Friday, February 25, 2011

Ginger Ale and a Bread Bucket

One thing I miss about our change in lifestyle is a refreshing soda, or if you're southern like I am, coke, which is generic for any type of soda pop.  I do occasionally buy the organic versions, but they're pricey.  I've been wanting to try my hand at making ginger ale for some time, so I finally decided to take the plunge.  I basically followed Alton's recipe with the following exceptions:  Instead of 1.5 Tbl grated ginger, I sliced up 2 oz. of peeled ginger and threw it in the saucepan with the sugar water.  I didn't let it steep for an hour, but just threw everything in the container with the water, lemon juice and yeast.  I've seen other recipes that suggest leaving the ginger in, so I did.

Alton Brown's Ginger Ale 

It's supposed to ferment for 48 hours to produce carbonation, and then I'm supposed to place it in the refrigerator.  I have it in a plastic container now, but once it's ready, I plan to strain it into some pretty resealable soda pop bottles.  I wanted to ferment it in a gallon glass bottle, but I've read stories about exploding glass, so I decided to go first with plastic.  Most recipes recommend using a 2-liter bottle, but I don't have any since we don't buy soda anymore. 

This leads me to the bread bucket part of my post.  Buckets, what a great segway.  I have fallen in love with no knead bread, but didn't really have an appropriate container in which to house the dough in the refrigerator.  I tried keeping a plate over a ceramic bowl, but the dough would get hard on top, and I really try to avoid using plastic wrap.  I think it's just a waste.  Anyway, I went to the nearest restaurant supply store to pick up a food grade bucket and lid, and when I got down there, the price I was quoted over the phone was way less than the actual price.  I was pretty upset and wasn't going to spend that much on a bucket.  On the way home, I stopped at the grocery store to pick up a few items, and while I was there, I noticed the frosting buckets stacked up behind the bakery counter.  I asked the lady if she had an empty bucket with a lid, and she had three, so the hot pink icing, neon green icing, and doughnut glaze buckets came home with me.  They are probably about 2-3 gallons each.  It was a breeze mixing up the bread dough in the bucket, and the lid should keep the air out.  There's plenty of room to double the recipe if I want to.  I put the ginger ale in one of the other ones and closed the lid up tight.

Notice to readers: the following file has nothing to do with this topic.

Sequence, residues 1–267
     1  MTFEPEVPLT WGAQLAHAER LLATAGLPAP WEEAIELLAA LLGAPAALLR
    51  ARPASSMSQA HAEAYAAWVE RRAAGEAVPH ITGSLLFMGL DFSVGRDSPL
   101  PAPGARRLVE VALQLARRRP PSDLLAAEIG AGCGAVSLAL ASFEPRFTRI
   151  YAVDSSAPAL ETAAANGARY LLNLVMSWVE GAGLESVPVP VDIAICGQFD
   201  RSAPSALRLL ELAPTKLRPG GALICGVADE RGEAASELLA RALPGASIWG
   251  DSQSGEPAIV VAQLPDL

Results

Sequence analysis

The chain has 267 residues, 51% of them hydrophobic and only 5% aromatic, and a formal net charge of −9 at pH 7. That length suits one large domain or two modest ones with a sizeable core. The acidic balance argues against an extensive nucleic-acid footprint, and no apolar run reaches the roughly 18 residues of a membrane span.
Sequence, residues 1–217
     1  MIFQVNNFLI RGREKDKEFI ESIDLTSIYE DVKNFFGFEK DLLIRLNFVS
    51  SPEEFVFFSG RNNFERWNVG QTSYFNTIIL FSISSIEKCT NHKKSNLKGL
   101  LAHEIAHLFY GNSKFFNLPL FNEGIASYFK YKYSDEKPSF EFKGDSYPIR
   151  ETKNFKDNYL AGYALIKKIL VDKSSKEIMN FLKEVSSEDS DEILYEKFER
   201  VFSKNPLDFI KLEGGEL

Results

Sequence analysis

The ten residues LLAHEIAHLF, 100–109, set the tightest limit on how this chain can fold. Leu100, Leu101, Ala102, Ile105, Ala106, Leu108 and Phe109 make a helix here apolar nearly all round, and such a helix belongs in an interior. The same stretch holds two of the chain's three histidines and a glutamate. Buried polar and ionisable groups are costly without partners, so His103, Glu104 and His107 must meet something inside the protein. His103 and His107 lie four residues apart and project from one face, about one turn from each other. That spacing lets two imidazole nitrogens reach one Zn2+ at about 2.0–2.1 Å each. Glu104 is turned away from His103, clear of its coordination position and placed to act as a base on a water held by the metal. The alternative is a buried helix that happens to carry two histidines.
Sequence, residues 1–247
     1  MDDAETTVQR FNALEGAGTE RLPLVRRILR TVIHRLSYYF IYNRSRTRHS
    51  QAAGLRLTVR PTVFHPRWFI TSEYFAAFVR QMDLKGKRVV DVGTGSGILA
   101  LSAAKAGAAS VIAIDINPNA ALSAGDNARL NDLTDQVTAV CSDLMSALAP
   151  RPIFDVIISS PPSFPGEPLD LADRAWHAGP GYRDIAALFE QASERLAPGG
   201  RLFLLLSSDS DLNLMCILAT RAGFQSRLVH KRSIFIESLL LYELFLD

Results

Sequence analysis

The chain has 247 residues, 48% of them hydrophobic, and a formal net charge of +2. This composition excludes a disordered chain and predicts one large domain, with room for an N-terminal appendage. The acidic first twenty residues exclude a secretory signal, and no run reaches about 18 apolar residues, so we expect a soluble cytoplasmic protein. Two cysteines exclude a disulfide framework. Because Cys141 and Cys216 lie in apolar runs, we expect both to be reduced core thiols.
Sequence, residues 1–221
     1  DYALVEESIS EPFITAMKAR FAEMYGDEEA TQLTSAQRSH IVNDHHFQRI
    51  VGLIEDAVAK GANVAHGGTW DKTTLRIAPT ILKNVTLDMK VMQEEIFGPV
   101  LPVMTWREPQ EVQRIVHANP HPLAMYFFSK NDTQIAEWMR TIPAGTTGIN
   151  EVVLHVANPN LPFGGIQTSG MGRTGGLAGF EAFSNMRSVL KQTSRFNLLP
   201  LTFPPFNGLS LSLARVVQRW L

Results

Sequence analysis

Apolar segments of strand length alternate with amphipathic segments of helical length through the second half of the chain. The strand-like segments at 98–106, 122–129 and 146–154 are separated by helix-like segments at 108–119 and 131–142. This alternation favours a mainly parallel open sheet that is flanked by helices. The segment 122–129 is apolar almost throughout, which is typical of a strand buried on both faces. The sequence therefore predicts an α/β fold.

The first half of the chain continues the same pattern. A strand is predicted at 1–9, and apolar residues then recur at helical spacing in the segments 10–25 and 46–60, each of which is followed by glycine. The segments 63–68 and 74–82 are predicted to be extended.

These buckets would also to great for self-watering container projects.  I think a pepper plant would do well in this size, maybe even an eggplant or okra.

I plan to hit the grocery store on a regular basis now to see if I can score some more free buckets.  

Have you ever made ginger ale?  How did it turn out?  Any learning experiences you can share?

Happy homesteading,


No comments:

Post a Comment